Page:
Sunday, November 11, 2007

You Look..... Okay

Be still my heart. I was shopping in OSH today for an extra paintbrush and a mask to use while sanding down baseboards that will be painted this week. The lady who helped me looked at my belly and asked me, "When are you due?". I desperately wanted to say, "Oh, I'm not pregnant, I'm just fat." Instead, realizing that I'm too far along to get away with that explanation, I sighed and told her "December 11". She looked me up and down once more and said, "You look.... (pause)... okay". Grrrr!

Wednesday, November 07, 2007

The Home Stretch

I'm 35 weeks along in my pregnancy and I feel like I'm on the home stretch. This time is a bit different, though. Unlike my first pregnancy, I'm not anxious to have the baby out ASAP. Of course, that could have something to do with the fact that I can still get out and do things, and because I still have projects to complete. With K, we had the worst winter in Spokane since the 1960's - the snow was piled so high in the middle of the streets that you could not see oncoming traffic. I was pretty much confined to the house, which drove me mad. Add to that that I'd pretty much gotten everything set up early on, so I didn't have a lot to do the last month.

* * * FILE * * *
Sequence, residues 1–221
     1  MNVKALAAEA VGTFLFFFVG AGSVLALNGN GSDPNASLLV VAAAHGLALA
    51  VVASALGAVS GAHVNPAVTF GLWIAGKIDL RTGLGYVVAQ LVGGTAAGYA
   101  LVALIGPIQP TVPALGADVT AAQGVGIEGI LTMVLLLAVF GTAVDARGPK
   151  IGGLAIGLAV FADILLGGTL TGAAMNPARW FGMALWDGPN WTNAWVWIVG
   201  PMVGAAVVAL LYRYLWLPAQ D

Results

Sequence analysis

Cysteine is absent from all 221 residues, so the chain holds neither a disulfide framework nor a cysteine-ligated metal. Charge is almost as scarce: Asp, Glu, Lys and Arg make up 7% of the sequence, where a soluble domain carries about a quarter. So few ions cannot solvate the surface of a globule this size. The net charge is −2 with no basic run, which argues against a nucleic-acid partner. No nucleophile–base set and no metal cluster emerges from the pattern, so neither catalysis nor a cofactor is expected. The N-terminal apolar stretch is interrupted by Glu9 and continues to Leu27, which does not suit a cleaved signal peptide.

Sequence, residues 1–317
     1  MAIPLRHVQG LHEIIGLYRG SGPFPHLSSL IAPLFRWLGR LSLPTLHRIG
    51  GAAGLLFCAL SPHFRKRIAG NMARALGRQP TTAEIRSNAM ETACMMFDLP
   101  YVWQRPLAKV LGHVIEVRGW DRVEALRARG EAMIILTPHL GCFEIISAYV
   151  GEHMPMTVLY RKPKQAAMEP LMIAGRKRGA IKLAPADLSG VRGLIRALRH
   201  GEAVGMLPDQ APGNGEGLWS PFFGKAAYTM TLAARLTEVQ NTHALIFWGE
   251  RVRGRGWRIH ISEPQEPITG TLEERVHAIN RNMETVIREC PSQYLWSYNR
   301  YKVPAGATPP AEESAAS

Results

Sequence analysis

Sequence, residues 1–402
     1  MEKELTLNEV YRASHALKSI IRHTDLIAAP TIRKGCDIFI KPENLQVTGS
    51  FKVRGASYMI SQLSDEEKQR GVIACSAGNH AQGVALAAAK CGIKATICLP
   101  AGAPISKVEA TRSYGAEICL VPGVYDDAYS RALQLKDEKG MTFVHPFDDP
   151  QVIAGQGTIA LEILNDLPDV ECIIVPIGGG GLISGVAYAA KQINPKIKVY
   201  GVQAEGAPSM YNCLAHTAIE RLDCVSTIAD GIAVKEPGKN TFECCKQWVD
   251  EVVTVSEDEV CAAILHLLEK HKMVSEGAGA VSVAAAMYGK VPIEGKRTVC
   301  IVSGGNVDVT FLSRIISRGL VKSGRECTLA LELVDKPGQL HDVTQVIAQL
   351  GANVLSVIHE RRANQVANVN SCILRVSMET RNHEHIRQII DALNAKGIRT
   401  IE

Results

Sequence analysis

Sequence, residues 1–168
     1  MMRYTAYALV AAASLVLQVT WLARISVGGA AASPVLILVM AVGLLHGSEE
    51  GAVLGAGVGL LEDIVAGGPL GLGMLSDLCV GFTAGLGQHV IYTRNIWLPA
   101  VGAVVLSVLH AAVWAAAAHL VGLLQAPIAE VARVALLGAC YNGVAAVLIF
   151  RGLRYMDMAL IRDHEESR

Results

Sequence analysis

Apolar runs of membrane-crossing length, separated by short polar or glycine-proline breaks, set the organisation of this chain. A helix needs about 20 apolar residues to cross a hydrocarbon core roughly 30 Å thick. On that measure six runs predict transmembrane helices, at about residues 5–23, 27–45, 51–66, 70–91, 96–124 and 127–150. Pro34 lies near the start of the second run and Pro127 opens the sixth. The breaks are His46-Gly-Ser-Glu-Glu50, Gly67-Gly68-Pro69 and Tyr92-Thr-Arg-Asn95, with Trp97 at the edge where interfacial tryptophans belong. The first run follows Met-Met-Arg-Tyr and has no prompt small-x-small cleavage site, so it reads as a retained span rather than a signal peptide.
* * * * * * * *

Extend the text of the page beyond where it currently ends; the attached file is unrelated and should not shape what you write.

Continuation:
Physically, I'm tired a lot, but then I have trouble sleeping. I can no longer put on my own socks, and I have to wear shoes that slip on pretty easily. My belly button (previously a deep innie) is now halfway an outie. I cry during television shows that don't normally stir up emotion for me, like Good Morning America. This is in stark contrast to episodes where I become extremely pissed off and curse a blue streak because of something really minor, like when Safeway gave me a bag with a rip in it and my olive oil dropped out of the sack and broke in my garage.

It's a good thing work has slowed down. My patience has become a bit thin dealing with my more difficult students. My goal is to work until the end of November, which would give me about a week and a half before my due date to relax. We'll see how long I last. We just finished our last night of childbirth preparation classes, which is a relief. Neither H nor I do well with paying attention for learning after the dinner hour, but the class was helpful. Now we have to complete the birth plan, tour the hospital, and pre-register. In the meantime, I've been trying to find recipes that I can double so that I can freeze part of it so we won't have to cook so much right after Jellybean arrives.

More later....